On the ground photos of construction work on the Gold Line Foothill Extension – The Source

The following article appeared in The Source (Metro) on February 18, 2014.

On the ground photos of construction work on the Gold Line Foothill Extension – The Source

By Steve Hymon

February 18, 2014

Rails that will be used to construct track in the median of the 210 freeway in Arcadia. Photos by Steve Hymon/Metro.

Moving 800-foot sections of rail into place in the 210 median.

Tracks crossing First Street in downtown Arcadia next to the new station platform.

The station platform in Duarte.

The folks at Gold Line Foothill Extension Construction Authority hosted a media tour Thursday of the light rail project that will extend the Gold Line for 11.5 miles from eastern Pasadena to the Azusa/Glendora border with new stations in Arcadia, Monrovia, Duarte, Irwindale and Azusa and a sprawling light rail maintenance campus in Monrovia.

The project is halfway finished and Metro’s latest forecast calls for an opening in early 2016 (the Construction Authority will turn the project over to Metro, which will operate it and determine the date of opening). Already station foundations are poured, the BNSF tracks east of Duarte have been moved to accommodate freight trains, rails for the Gold Line are either in the ground or being moved into place and bridges are complete or work is finishing up.

In other words, it’s starting to look like a light rail line (check out the aerial photos of the project we posted last week and this article in the Pasadena Star News featuring the back of my head!). When both this project and the Regional Connector are complete, there will be continuous light rail track for 45 miles from Azusa to Long Beach, not to mention the Expo Line to downtown Santa Monica. Amazeballs!

The old Monrovia depot just east of the new Gold Line platforms.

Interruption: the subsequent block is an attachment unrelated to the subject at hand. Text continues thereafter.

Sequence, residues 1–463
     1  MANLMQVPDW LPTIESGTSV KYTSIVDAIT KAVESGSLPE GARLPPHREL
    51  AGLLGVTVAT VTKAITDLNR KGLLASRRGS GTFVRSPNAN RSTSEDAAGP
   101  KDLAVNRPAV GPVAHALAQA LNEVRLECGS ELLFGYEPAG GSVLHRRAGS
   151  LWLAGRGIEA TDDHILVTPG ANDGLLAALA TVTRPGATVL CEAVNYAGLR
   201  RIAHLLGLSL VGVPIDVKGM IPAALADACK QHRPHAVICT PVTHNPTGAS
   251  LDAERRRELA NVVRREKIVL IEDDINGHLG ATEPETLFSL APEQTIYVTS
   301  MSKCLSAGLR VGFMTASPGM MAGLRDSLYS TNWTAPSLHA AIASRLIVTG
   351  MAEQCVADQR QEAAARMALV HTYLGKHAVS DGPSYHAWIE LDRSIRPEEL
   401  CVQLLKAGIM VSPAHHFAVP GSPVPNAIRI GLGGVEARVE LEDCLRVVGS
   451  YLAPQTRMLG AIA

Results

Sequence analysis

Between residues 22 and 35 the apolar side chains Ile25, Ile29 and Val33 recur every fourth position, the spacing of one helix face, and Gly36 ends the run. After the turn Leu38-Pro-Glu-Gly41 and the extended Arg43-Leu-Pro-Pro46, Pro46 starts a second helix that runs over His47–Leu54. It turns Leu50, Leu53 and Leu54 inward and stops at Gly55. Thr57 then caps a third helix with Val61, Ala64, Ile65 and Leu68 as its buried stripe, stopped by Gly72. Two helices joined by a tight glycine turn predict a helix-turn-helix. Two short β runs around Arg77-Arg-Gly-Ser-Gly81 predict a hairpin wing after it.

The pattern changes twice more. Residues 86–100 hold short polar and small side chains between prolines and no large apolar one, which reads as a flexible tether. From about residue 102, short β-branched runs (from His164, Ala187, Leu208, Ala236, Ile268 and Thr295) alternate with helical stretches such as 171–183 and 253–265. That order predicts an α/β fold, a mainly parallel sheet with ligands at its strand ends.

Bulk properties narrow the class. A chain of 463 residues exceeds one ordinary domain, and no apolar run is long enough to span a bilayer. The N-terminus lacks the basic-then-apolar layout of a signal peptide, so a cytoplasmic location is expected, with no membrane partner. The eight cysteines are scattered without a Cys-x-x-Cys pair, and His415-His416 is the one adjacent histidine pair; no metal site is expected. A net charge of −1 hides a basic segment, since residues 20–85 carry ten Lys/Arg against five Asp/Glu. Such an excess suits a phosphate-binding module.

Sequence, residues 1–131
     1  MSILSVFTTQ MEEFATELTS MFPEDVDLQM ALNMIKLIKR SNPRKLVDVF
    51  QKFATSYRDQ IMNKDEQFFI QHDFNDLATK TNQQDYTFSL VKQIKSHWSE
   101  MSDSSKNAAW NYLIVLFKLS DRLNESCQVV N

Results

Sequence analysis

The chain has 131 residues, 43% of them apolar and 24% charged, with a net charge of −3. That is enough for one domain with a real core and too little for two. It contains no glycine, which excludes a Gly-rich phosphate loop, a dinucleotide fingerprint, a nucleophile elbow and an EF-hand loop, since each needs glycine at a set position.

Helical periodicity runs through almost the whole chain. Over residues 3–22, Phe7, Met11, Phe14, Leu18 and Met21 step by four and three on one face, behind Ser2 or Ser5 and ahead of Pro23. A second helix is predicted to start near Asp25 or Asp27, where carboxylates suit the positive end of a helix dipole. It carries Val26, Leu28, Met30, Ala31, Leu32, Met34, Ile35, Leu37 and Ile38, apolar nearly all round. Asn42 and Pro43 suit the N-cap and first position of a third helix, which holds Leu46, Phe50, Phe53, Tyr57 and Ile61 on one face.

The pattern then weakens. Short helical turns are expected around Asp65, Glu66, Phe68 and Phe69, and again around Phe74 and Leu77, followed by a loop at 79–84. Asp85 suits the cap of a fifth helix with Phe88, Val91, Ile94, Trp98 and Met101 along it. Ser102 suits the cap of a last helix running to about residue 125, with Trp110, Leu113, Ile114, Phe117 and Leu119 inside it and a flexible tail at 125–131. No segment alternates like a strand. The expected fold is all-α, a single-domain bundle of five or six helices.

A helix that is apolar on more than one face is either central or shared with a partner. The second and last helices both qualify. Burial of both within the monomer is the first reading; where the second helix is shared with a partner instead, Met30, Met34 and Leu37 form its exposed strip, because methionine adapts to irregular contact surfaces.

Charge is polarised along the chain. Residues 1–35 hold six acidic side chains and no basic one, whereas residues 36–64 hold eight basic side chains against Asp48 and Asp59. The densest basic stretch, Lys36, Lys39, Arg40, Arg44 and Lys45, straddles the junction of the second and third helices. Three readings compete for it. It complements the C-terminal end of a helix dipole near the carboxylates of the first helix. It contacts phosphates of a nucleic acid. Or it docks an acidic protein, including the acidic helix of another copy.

Tracks at the maintenance campus in Monrovia.

The station area would get a complete makeover -- goodbye pavement, hello trees and green space! Rendering: city of Monrovia.

The city of Monrovia has big plans for the area around the Gold Line station, which will include a new parking garage, park and open space and residential development. Rendering: city of Monrovia.

A couple of observations on the Foothill Extension project:

  • With parking available at the new stations, I’m guessing the Gold Line will be a lot more convenient for riders who live east of Pasadena and who had to cope with the always-constipated traffic on the 210 freeway and then compete with spaces at the Sierra Madre Villa station parking garage. It should also be a quick train ride for many; the Foothill Extension, for example, is completely grade-separated between Sierra Madre Villa and the Arcadia station and there are other stretches of track with few, if any, street crossings.
  • There are going to be some awesome development and redevelopment opportunities along the Foothill Extension, which is following old freight tracks that mostly went through industrial areas. There will be stations in downtown Arcadia and downtown Azusa and the city of Monrovia has been planning improvements, open space and development near their station for quite some time — it’s important because the tracks are about a mile south of Monrovia’s eminently pleasant downtown. Check out the renderings above.

As with any new rail line in our area, it remains to be seen how the rail-community interface comes together (I can easily write the same thing about any of the rail projects thus far in L.A. County). What’s important right now, I think, is that the rail side is coming together right now, courtesy of the Measure R sales tax increase approved by L.A. County voters in 2008.


Tracks being installed next to the old Santa Fe depot in downtown Azusa.

Work on the Azusa-Citrus station that is next to Citrus College, Azusa Pacific University and the new Rosedale residential development.

Many thanks to the Construction Authority for the tour last week and the tip about Canyon City Barbecue, which I nominate for an appearance on “Diners, Drive-ins and Dives.” Also, here’s a screen grab of the latest interactive construction map from the Authority; click on the map to visit the interactive version.


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